April 18, 1996 * Vol. 6, No. 16
Thrown more than its fair share of hard luck, Dynamo Humm has gotten really good at making lemonade.
by Randall Brown
We hear a lot about the "Rock Factor" in local music, but what about the all-important, but so often neglected, "Roll Factor?" As in "roll with the punches." Dynamo Humm found themselves with unexpected company recently, when they were joined onstage by a rowdy fan who must have seen that new "Mentos"-style Foo Fighters video one too many times. The rambunctious fellow grabbed singer-guitarist Will Fletcher's back-up guitar and chimed in on the chorus of their song "Another Like You."
The band dealt with it without missing a beat. They were already performing under the duress of partial microphone failure, and it took them a minute to notice they had company. To the drunk guy's credit, the near-unintelligible Nirvana lyrics he chose to add to the band's song were in perfect meter.
"He was right in key," says Fletcher, "right in time to the song. But then I noticed he had my guitar."
"Yeah, getting up onstage is one thing," says bassist Nathan Mitchell, "but the guitar is off-limits." Without dropping a note from the bass line, Mitchell physically escorted the unwanted doo-wopper off the stage.
"I just sort of got in his face," says Mitchell.
So score one for Dynamo Humm for valor in the face of adversity. Named for a Frank Zappa song (which they swear they've only heard once--they just liked the sound of the title), Fletcher, Mitchell and drummer Paul Turpin came together after the usual string of bands that come and go (Fletcher and Mitchell played together in the Genghis Khan Artists for a couple of years). They play an old-school, rough and tumble brand of three-piece rock that, like I might have mentioned earlier, also rolls. It's the "old Stones" spirit, and classic influences like the Faces, that come to mind.
Fletcher and Mitchell crank out the raw-but-rhythmic guitar/bass energy over Turpin's take on Ringo drumming--steady rolling beats without all that artsy fooling around. It's only rock 'n' roll, but you know what they say.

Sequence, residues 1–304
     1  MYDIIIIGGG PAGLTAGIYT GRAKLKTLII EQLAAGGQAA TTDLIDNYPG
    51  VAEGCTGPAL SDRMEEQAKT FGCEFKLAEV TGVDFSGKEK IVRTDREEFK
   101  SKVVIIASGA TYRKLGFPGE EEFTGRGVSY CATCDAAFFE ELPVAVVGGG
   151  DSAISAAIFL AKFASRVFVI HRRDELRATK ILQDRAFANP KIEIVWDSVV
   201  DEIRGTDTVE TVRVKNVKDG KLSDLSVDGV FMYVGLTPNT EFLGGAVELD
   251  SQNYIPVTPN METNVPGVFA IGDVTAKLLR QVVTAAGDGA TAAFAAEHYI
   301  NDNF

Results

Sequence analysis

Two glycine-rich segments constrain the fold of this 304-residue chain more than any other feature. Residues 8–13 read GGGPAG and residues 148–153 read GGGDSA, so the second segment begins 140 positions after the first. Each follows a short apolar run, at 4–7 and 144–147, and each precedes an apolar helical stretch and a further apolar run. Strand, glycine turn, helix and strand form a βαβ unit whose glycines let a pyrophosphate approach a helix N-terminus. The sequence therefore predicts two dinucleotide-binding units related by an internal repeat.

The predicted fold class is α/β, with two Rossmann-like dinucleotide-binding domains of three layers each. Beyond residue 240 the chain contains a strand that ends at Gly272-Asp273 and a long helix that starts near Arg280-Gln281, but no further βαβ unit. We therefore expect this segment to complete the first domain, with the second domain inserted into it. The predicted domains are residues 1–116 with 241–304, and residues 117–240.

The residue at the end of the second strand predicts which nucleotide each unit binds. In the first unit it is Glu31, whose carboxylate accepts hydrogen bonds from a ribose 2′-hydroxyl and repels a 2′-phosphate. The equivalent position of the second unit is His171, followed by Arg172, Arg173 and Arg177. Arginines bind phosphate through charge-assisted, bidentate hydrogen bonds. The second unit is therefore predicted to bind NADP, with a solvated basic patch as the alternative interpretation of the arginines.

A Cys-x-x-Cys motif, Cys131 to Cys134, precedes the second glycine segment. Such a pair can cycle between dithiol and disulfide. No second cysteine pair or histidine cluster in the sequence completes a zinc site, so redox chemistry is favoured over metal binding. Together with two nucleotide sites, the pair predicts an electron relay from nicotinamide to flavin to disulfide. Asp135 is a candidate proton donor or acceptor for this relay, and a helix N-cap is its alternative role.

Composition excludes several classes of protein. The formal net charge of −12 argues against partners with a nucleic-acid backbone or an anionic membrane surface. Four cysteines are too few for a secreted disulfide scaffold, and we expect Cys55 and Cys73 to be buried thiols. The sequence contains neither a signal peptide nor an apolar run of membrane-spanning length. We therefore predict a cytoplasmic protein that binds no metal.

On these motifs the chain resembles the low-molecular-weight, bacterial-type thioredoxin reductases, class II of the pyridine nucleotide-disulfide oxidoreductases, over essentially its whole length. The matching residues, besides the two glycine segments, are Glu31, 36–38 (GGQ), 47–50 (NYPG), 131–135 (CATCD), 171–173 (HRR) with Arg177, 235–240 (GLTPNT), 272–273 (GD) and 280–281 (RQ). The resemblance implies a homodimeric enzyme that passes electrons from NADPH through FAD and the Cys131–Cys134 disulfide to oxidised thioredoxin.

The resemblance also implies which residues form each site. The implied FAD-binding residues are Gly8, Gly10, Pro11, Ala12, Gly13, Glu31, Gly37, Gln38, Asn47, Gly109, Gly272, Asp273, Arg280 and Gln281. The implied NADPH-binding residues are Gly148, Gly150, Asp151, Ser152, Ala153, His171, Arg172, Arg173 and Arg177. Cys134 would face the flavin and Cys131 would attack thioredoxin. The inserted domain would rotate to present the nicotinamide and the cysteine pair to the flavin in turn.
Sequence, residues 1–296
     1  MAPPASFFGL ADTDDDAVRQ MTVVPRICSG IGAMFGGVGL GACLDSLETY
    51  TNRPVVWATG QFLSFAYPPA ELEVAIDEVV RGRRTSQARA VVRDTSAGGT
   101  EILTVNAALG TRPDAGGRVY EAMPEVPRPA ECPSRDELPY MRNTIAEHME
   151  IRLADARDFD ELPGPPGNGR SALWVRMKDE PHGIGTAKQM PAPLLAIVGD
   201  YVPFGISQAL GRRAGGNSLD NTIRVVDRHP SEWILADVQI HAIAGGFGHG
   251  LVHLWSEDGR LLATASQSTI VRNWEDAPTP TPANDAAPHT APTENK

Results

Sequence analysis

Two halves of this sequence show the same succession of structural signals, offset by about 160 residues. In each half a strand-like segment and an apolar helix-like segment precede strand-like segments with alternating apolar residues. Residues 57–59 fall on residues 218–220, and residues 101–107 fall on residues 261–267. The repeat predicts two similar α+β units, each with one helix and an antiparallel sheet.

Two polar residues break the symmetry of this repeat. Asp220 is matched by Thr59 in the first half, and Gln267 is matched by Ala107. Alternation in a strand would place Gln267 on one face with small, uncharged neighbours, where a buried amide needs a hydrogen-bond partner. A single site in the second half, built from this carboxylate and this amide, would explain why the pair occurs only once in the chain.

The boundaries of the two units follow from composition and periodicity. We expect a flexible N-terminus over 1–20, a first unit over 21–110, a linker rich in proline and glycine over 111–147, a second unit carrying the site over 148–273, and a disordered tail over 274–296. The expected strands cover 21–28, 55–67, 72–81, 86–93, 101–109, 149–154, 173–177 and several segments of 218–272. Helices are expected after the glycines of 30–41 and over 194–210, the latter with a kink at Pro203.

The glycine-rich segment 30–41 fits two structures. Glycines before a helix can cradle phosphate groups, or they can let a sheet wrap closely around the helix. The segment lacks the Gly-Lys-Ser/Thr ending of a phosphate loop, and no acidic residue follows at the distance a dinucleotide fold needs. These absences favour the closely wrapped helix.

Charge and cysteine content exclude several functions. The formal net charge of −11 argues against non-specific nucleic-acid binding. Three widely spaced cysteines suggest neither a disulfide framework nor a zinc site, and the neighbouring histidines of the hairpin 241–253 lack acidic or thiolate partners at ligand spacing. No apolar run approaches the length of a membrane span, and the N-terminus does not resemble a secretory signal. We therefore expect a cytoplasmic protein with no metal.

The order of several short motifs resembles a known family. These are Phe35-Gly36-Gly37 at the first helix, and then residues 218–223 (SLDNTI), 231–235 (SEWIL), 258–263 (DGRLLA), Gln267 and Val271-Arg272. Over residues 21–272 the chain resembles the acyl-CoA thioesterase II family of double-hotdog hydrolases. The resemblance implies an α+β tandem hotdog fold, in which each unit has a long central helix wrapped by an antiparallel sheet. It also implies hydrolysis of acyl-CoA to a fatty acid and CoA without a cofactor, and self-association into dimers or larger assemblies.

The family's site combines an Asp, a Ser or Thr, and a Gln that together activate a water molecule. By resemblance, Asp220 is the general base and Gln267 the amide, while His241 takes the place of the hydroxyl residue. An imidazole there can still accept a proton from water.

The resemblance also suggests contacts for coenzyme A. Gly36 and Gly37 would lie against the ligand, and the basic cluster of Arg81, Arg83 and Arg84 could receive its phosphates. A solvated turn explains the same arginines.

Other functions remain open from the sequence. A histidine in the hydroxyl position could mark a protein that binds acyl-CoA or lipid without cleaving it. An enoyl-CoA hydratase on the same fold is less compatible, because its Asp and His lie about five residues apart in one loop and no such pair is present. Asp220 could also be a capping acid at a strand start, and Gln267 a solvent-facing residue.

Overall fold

Stage-crashers and equipment failure aside, they are more concerned currently with not having a permanent practice space. Since Fletcher moved from his previous apartment, they've been borrowing space from various other bands (particularly the very gracious State Champs). Still, they don't whine about it, but turn it to their advantage. Practicing at low volumes (sometimes unplugged in the most literal sense), with Turpin using brushes, they've discovered they pay more attention to the nuts and bolts side of songwriting.
"You have to be able to play a song really quiet," says Mitchell, "and then play it really loud, also. I like volume, but if it only sounds good loud, then it isn't as good a song."
Their practice habits seem to be working for them. Judging by the size of their set list, they are possibly the most prolific band in Knoxville.
"Yeah, most bands say 'We've got 15 songs,'" says Mitchell, "but we wrote 15 last week."
Dynamo Humm songs don't waste time tackling lofty issues, or discussing Derrida and such. They get right to the point of everyday life.
"Our songs are just about stuff that happens," explains Mitchell.
"And girls," adds Fletcher. "Girls and stuff that happens. That's it."
They also cover some not-already-overdone classic songs--the Rolling Stones' "Little T&A" and "Star Star," Paul McCartney's "Let Me Roll It," and "Bummer" by the Grifters. They're proud of the off-the-beaten-path nature of their cover picks--great rock songs that have somehow escaped becoming "standards" of the cover band mill.
But it's their ever-growing original set list that takes center ring. Basic, good songs are the key to Dynamo Humm. It makes for a no-nonsense confidence in their presentation. When you ask them what they do, they don't have to mull it over.
"We like to think that we rock," says Fletcher.
"It's really good stuff," says Mitchell. "We just want to get it out to people, because we think they'll like it."
"I think the best thing about our music is that it's honest," says Fletcher. "We write what we write. We don't try to write a song to any kind of form. If you go into a band with the idea of 'We're going to sound like this,' I think that's where a lot of stress occurs."
"You end up sounding like something," says Mitchell, "but six months later it's out of style."
© Metro Pulse